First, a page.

Many people want to add value to the property in one way or another. As interest rates begin to rise, many may think that moving is not a good idea. Instead, erecting an extension to the home is considered a better idea, not just for added value, but for comfort and space. But extending a property depends on a specific set of criteria.
Do I Need Planning Permission for an Extension?
In most cases, having an extension or addition to the house is classed as a “permitted development,” so it wouldn’t require planning permission. But if you are considering extending your property, the following components would require permission:
- The size of the extension is more than half the area of land around the “original house”.
- The extension is taller than the tallest or highest part of the roof.
- If it is a single-storey rear extension, it extends beyond the rear wall of the house by more than three metres in a semi-detached house, or by four metres in a detached house.
- The maximum height of a single-storey rear extension will be more than four metres.
- If an extension of more than one storey extends beyond the rear wall of the house by over three metres.
- The maximum eaves and ridge height of the extension will be higher than the existing house.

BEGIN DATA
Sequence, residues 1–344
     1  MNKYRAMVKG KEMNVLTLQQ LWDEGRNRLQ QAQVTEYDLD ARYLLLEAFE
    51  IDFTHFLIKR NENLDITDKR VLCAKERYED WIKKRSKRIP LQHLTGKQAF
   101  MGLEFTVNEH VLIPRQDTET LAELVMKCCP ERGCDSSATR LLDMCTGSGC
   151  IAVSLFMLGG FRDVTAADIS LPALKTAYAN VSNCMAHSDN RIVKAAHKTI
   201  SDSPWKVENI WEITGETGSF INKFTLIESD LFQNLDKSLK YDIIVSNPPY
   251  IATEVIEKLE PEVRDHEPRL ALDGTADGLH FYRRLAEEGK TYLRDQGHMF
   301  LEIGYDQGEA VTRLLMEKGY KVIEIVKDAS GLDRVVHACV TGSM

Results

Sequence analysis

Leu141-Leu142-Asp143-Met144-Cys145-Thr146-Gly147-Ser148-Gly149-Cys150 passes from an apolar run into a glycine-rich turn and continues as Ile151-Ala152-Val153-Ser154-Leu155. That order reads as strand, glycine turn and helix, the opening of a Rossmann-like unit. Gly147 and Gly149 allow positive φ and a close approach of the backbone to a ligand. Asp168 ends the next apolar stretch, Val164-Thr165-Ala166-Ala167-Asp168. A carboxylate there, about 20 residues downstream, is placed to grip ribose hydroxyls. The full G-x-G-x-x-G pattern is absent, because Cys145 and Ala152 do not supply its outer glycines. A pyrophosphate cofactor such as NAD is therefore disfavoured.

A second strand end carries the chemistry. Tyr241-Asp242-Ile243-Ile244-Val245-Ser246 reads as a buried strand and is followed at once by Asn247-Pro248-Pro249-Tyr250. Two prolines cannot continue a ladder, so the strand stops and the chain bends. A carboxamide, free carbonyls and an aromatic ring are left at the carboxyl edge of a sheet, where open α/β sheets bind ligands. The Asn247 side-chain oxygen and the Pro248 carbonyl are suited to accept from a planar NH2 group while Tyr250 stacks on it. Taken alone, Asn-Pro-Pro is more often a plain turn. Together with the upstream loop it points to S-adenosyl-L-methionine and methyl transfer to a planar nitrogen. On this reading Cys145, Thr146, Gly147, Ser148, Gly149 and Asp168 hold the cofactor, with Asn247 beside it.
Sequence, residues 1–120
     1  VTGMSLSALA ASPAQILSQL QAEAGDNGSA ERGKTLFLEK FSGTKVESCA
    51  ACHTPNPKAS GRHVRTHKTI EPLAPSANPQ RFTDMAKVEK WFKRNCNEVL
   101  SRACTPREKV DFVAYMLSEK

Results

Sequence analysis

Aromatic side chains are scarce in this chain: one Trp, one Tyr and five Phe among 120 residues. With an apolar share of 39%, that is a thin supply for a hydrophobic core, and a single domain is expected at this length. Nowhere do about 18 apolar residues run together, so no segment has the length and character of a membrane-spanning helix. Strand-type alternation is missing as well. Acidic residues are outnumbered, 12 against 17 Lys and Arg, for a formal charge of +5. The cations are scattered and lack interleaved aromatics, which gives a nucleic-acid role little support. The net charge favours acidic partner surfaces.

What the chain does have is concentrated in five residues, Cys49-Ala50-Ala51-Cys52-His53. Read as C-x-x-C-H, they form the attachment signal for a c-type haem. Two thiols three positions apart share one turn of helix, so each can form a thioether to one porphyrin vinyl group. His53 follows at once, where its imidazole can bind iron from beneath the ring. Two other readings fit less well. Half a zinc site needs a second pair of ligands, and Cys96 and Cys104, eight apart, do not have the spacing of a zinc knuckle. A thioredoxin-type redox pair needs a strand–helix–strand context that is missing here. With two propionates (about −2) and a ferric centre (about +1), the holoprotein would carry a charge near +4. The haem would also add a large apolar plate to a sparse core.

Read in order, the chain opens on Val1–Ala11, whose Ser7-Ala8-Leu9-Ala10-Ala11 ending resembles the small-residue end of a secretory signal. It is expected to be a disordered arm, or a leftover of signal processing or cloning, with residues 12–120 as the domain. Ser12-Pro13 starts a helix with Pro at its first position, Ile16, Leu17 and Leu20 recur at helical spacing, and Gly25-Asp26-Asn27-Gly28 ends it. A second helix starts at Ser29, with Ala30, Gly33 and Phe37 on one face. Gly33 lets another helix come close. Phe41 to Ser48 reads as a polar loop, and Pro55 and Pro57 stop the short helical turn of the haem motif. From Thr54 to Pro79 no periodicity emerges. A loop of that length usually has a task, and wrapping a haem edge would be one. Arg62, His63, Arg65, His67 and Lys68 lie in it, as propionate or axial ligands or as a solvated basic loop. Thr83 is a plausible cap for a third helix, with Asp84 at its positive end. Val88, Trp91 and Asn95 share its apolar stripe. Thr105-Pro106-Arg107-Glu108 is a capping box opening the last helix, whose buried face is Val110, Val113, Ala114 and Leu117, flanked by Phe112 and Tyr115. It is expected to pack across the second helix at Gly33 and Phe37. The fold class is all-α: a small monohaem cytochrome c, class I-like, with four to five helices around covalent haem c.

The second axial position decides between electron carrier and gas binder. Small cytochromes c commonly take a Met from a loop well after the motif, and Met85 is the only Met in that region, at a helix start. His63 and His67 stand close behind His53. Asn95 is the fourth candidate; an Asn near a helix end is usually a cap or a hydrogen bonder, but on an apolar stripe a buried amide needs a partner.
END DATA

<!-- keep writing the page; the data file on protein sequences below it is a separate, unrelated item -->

- If you want to use different materials, i.e. looks different in appearance to the existing house.
How Far Can I Extend My House Without Planning Permission?
As permitted development rules have been relaxed, and as the “larger home extension scheme” has been made permanent, you can build an extension without planning permission up to six metres (or eight metres if your house is detached). But it is worth considering the following before extending the property:
The Type of Property
If you live in a flat, maisonette, or another type of building, you do not have permitted development rights. This means you cannot build an extension without full planning permission. And if your property has undergone a change of use or was converted into a house, permitted development rights may not be allowed.
Has the Property Been Extended After 1948?
Even if previous owners have extended the property, this can reduce your permitted development allowance.
Do You Have a Listed Property, or Is It on “Designated Land?”
If it is in a ‘protected’ area, such as a conservation area, national park, or areas of outstanding natural beauty, the permitted development rights might even have been removed. But even if the rights have been restricted rather than removed, this means you cannot build more than one storey, build a side extension, or clad the exterior.
While the above list is not exhaustive, you should always seek the guidance of a planning officer in your local authority. If you are looking to incorporate a modern house extension to add value to the property or you are looking for extra space, it is vital to consult the experts when reviewing if you need planning permission for an extension. Contact us and we can help with all the matters for you extension